Students who are the first in their family to go to college are less likely to graduate within six years than their continuing-generation peers, but there are ways to combat this stunning statistic, and Project Inspire’s programming is an effort to do just that. The decreased likelihood of first-generation college students graduating within six years can be attributed to the fact that first-generation students represent some of the most vulnerable populations in college – they are more likely to be female, older, African-American or Hispanic, and from lower-income families (Engle, Bermeo, & O’Brien, 2006).
In addition to these demographic differences, first-generation students are more likely to feel a cultural and emotional divide between their home lives and college experiences. Since they are the first in their families to attend college, they are often unable to reach out to family members to help them navigate this new and difficult experience (Stebleton & Soria, 2012; Banks-Santilli, 2014; Engle, 2007). This lack of familial knowledge means that without mentors, first-generation students are often unable to take advantage of the full range of resources available to them, including on-campus support resources, which have been shown to increase graduation rates (Vargas, 2004; Pike and Kuh, 2005).
However, mentoring has been shown to help college students, particularly first-generation students, navigate the new bureaucracy of college, and ultimately increase retention and graduation rates. A Gallup study found that “feeling supported and having deep learning experiences during college means everything when it comes to long-term outcomes,” and that having a mentor was a key component of that feeling of support. Additionally, a 2011 study found that students who were paired with mentors were more likely to continue on to the next year of college, and ultimately graduate, than those who did not have mentors.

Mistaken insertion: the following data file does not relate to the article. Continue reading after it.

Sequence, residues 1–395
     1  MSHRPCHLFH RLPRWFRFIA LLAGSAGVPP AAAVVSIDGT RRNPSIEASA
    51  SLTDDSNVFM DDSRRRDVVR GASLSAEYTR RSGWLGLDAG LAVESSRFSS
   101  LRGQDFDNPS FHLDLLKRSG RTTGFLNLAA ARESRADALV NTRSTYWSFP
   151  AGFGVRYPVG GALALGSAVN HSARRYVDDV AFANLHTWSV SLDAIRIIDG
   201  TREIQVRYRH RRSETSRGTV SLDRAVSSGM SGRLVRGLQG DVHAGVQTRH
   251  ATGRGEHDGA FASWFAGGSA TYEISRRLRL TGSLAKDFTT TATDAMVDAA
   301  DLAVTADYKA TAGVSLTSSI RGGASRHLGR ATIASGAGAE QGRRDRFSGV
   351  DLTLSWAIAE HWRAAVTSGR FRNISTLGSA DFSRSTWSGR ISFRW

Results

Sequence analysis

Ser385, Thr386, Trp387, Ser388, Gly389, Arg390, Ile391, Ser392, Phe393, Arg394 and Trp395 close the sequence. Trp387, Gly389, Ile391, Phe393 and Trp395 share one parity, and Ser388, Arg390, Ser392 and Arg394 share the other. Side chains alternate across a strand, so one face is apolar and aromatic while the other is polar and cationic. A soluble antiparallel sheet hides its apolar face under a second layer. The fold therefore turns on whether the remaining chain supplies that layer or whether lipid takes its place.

Project Inspire works to provide mentorship to our students because we understand its profound impact. As part of our professional development series, professionals from students’ communities connect with and speak to them about what to expect in their college and professional lives. During the application process for the Daphne L.Valcin Scholarship for Creative Minds students are placed with a mentor who is in a career field that is directly aligned with the scholarship applicant’s interest and can offer them guidance on navigating college cultures. The scholarship application process and professional development series also creates a peer network of scholarship students to support one another in their college journeys. Through these programs, Project Inspire is able to connect students with mentors and peers who can help provide the academic, professional, and emotional support that our students need to make it to and through college.
Even as Project Inspire often focuses on youth who are first-generation college students, resources like ours help all our students to defy the odds against them and to embrace countless opportunities for college and career success.
Post by Project Inspire guest blogger, Colette Tipper
Photo credit: Global Health Fellows Program (Flickr)